Poncho | Folded inside you, the world of time outside your weave, comfort me this night. Oh Tomás, Tomás Catari, you who did everything the way they say it must be done, who could write their language, who told them so that their King might hear. But they are deaf in Buenos Aires or their voices are not so loud that the white men and their mestizos who rob us, who insult us here in Chayanta province cannot hear them. You told them the truth, how they robbed us, so they killed you, just today when the sun was high in the sky, they killed you. Just for this night keep me warm head-to-foot so that, like a miracle of our saint, sleep may come and I can awake ready to fight again, me, Micaela and the others united again to fight. Your red and blue weave, thick and fast, take me to sleep. I watched Micaela weave it when she was big with our first-born, happy together until the priest ordered that we must be married, that it was a sin how we were. Sin? Not for us. What, do they take marriage so lightly that they do not think we should know each other over time, in the bed, with our work, lived together one day after another before we marry?! Mateo Choque, her father, he complained that the priest was wrong, that we have our way to live, that marriage is too serious, and for this he was punished, so that he must be dragged through the streets and must say that it was right that he, a stupid Indian, be punished for complaining to the priest. I heard him, saw Mateo’s suffering and there was anger in my heart. There is anger in my heart and I, who knew nothing of killing, have killed again, just as they killed Tomás, so that life will never be the same from this day.

Life will never be the same, and the best of us is dead, but tonight, weave tight around me and give me sleep.

There was anger in Tomás’s heart also, how we were robbed in every way by Blas Bernal, made cacique by his friend the Spanish dog Alos who himself paid to be lord over us. Cacique who was not worthy of the name, used it only to rob us and respected nothing. How they forced on us the rubbish they could not sell. Those rich men who would kill for a Peso.

So Tomás wrote. He could write in their language and explained how it was wrong, that we knew our obligations but would not be robbed and abused. That our crops and our animals should not be taxed. He wrote and for this, for saying it was wrong, just like Mateo Choque, he must be punished. Those who cannot hear what is said in Buenos Aires put him in prison where there is no sun, no moon, no light of day and there was more anger in his heart, but he said we should not fight them because, he said, whoever won the fighting, we would lose. No, he would write again because in Buenos Aires where he had been, they had said he was right, that they knew what he said was right.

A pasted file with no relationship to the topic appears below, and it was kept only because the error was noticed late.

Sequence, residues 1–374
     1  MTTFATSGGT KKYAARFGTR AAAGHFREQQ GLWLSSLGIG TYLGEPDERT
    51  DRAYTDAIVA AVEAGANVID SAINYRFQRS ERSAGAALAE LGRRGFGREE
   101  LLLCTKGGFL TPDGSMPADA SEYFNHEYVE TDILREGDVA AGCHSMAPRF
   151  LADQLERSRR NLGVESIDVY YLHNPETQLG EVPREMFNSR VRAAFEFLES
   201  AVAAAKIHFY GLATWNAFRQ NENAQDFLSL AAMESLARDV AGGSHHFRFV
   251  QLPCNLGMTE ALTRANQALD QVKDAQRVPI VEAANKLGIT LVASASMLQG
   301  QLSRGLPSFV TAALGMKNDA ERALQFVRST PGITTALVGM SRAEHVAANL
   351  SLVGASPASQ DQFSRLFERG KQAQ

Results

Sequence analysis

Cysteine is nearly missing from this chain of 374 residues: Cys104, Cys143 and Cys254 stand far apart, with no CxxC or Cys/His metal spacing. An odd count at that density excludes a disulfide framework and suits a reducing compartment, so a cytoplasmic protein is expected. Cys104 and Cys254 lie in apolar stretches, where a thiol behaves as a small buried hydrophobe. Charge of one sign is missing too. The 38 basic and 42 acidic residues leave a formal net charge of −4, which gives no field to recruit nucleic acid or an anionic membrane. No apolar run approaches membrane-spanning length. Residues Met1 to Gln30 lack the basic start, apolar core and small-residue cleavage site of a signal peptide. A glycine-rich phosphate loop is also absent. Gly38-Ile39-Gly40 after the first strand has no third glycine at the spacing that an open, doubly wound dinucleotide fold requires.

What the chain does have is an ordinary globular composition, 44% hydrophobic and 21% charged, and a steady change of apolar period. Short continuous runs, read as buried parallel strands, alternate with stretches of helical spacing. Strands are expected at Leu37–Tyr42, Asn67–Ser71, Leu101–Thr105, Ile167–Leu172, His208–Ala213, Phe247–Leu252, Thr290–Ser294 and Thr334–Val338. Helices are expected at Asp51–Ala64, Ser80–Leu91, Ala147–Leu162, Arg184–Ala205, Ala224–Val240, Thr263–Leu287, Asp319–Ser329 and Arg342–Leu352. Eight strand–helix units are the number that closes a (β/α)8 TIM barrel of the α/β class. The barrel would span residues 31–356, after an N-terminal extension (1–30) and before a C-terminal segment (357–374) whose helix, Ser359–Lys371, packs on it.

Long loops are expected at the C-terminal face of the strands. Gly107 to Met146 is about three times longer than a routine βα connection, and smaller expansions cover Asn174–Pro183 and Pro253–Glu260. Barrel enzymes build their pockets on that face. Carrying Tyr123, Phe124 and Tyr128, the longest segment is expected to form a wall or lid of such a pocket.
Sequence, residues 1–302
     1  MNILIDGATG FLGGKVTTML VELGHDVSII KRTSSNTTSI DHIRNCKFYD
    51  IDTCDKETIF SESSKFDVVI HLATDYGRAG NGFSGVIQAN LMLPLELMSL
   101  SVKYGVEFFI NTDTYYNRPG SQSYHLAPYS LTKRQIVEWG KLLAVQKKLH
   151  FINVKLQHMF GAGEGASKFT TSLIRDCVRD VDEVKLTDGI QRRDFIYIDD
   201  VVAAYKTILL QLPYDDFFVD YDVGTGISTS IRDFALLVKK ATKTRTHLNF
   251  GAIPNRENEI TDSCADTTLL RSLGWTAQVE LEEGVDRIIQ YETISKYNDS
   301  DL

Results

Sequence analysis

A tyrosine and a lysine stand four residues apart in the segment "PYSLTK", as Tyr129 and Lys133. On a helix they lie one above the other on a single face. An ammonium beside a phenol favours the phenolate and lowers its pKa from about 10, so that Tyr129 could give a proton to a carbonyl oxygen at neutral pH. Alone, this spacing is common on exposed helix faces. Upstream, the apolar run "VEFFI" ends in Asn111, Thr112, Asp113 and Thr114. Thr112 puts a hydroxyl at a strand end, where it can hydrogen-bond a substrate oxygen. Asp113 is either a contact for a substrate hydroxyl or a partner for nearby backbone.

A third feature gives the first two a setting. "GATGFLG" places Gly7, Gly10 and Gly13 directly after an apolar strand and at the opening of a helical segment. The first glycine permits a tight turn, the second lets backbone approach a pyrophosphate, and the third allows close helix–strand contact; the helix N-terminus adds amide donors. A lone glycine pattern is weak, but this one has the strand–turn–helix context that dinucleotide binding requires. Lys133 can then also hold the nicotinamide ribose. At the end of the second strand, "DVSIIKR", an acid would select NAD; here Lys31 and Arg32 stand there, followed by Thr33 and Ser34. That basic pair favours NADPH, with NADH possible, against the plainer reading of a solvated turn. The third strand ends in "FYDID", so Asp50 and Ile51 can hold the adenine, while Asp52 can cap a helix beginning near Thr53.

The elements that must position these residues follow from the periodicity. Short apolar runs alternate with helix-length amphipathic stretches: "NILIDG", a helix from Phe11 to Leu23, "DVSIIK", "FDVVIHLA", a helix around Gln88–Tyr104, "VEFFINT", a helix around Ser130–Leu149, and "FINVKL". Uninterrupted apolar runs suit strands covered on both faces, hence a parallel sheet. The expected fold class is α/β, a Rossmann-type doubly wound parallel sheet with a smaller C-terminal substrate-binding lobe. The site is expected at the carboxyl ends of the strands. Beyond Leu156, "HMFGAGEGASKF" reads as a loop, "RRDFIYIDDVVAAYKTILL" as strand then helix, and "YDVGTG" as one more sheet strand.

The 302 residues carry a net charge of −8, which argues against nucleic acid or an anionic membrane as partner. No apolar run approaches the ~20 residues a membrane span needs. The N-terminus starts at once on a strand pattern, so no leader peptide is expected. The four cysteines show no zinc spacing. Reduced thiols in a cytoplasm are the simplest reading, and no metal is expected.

Too late now, nothing will ever be the same again. But we are not stupid Indians as they call us, we know nothing is ever certain. We plant the crops when we know the time is right. We know from our ancestors exactly when it is right. There is no certainty in the crops coming good, but how and when we sowed, it must be done right and in good time.

And this we did when they had put Tomás in the prison again, it was right that we should say No, he is a good man who tells the truth. It was right and in good time that we should go to Pocoata town and bring him back to be with us, to live our lives in Chayanta. It should not have been that Alos, who would be our lord and master because he had to pay to be what he is, should set soldiers against us, but this is what he did, and to save myself I, who have never killed, killed a soldier. And then we saw that Alos was just a man and we took him and we said we will hold you while you hold Tomás even if that is not a good trade when he is such a better man than you. Yes, we took Tomás home with us and he thought that now we could live as life should be lived for in Buenos Aires they knew the truth.

Fold your warmth around me, make a miracle to my mind that will not stop run- ning as I ran today and let me sleep so that I can fight tomorrow for they cannot be trusted, never Tomás, who died today to know this, these white men, and their mestizos with their mines and the money they have stolen from us as if the whole word is theirs. I will find your brothers Damaso and Nicolas, for they are ready, and Micaela is ready, and we will go to La Plata and we will kill them all, we who have never killed, never thought to kill.